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DKIM woes with Mailman
11-17-2011, 09:32 PM
Post: #1
DKIM woes with Mailman
Apparently Gmail now uses DKIM ( to verify sender origin on their emails. But Mailman, or at least DreamHost's version of it, seems to break the signature, so Gmail users who get a message from other Gmail users through Mailman also get a warning that "this message may not have come from your buddy Fred" or whatever.

Is there some combination of Mailman settings that will stop breaking the signature?
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04-07-2012, 12:11 PM (This post was last modified: 04-07-2012 12:14 PM by decroded.)
Post: #2
RE: DKIM woes with Mailman
Setting up an SPF record for the sending domain seems to help get rid of this message, although you would do this via the Dreamhost control panel, not Mailman.

You can also turn off Mailman settings which manipulate the header and cause DKIM validation to fail. So you could take a look at the DKIM signature of messages on your list to see what headers are being included in DKIM signatures, and turn off settings which modify those header fields.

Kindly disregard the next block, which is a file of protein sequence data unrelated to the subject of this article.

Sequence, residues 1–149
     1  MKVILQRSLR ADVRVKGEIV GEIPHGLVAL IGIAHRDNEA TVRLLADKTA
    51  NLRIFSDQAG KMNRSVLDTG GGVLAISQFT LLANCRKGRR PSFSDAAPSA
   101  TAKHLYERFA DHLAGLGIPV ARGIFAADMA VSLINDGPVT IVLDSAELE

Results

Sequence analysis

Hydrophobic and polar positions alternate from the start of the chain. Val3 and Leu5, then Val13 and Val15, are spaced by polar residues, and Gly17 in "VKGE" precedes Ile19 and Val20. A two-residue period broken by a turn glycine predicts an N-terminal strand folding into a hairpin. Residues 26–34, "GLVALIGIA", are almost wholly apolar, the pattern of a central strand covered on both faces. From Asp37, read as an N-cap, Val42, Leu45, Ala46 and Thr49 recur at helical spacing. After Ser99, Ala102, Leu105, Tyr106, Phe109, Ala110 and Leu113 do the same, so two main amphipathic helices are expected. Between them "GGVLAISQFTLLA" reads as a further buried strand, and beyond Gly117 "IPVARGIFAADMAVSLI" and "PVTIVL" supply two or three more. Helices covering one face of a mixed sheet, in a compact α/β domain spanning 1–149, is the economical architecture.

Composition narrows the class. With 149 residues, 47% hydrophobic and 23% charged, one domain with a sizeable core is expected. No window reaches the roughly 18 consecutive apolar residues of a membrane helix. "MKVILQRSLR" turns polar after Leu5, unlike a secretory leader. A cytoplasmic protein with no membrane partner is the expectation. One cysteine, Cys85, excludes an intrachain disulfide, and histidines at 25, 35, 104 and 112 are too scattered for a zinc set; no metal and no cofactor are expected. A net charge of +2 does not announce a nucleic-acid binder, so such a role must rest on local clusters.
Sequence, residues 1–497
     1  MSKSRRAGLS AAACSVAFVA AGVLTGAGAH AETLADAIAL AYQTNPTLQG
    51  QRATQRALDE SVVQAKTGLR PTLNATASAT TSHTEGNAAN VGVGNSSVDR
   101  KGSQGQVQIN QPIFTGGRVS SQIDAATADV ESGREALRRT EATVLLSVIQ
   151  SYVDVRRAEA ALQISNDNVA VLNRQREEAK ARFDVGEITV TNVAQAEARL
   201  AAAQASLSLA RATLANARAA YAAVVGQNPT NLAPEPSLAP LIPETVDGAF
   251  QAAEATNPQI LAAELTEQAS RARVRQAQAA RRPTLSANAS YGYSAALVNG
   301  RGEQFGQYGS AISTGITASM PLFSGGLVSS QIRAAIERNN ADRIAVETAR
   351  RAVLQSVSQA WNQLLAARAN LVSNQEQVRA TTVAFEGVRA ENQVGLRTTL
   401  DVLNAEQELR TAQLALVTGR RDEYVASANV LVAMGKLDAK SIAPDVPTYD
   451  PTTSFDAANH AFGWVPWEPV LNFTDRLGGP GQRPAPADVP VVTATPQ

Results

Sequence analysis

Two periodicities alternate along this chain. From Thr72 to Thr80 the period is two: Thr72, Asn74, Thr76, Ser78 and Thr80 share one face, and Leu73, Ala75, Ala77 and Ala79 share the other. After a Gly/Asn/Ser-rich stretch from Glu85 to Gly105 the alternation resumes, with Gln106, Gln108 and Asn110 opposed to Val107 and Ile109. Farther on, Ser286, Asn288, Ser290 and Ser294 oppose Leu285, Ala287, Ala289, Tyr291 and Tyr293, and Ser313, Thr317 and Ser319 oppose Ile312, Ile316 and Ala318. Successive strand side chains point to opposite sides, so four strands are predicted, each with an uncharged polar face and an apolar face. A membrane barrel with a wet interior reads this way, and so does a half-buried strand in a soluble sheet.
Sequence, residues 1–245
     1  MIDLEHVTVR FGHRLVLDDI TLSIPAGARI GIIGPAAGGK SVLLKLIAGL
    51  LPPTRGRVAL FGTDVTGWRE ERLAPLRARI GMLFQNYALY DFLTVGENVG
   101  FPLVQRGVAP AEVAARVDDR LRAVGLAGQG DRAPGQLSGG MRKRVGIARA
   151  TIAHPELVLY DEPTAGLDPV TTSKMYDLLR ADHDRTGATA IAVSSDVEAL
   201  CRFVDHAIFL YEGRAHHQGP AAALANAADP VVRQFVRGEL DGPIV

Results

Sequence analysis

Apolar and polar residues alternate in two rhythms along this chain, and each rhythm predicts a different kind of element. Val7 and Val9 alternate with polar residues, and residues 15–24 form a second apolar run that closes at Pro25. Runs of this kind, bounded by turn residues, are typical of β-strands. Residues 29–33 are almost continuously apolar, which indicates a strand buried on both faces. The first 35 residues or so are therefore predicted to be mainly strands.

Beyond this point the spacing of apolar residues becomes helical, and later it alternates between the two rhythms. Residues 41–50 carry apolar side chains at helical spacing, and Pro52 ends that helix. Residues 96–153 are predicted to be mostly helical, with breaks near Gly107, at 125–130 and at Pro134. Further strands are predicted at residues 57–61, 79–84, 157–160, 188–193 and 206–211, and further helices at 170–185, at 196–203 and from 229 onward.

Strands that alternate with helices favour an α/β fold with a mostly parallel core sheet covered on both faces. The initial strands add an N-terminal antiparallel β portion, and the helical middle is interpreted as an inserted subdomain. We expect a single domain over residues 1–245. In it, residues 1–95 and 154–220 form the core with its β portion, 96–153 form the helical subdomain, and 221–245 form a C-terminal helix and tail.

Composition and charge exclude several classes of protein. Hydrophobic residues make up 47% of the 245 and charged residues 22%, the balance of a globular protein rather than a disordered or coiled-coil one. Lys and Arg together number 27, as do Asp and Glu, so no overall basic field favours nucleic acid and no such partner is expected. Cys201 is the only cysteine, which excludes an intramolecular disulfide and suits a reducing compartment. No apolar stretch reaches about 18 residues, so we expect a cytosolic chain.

The set of headers which are used for the DKIM signature is determined by the originating mail provider so you should try to get a sense of all of the signatures that are present on your list.

Here is what Yahoo's looks like (for a Blackberry user):
"DomainKey-Signature: a=rsa-sha1; q=dns; c=nofws; s=s1024;;

So right away, you can see that adding a prefix to the Subject or adding anything to the Reply-To field would cause this signature to not validate correctly for any of the list recipients whose providers check DKIM.

BTW, gmail's DKIM signature looks like it is much more Mailman friendly:
DKIM-Signature: v=1; a=rsa-sha256; c=relaxed/relaxed;; s=20120113; h=mime-version:in-reply-to:references:date:message-id:subject:from:to:content-type;

So far most list messages from gmail users pass DKIM but mail originating from yahoo and received by yahoo seems to be subject to some odd behaviour like delayed messages.

FWIW, I think yahoo's signature is overly strict; I can see why you wouldn't want spammers to be able to modify the Reply-To but exploiting this seems like an edge case and having the list address added to this header is very useful (almost essential, in my case) from a list functionality perspective.
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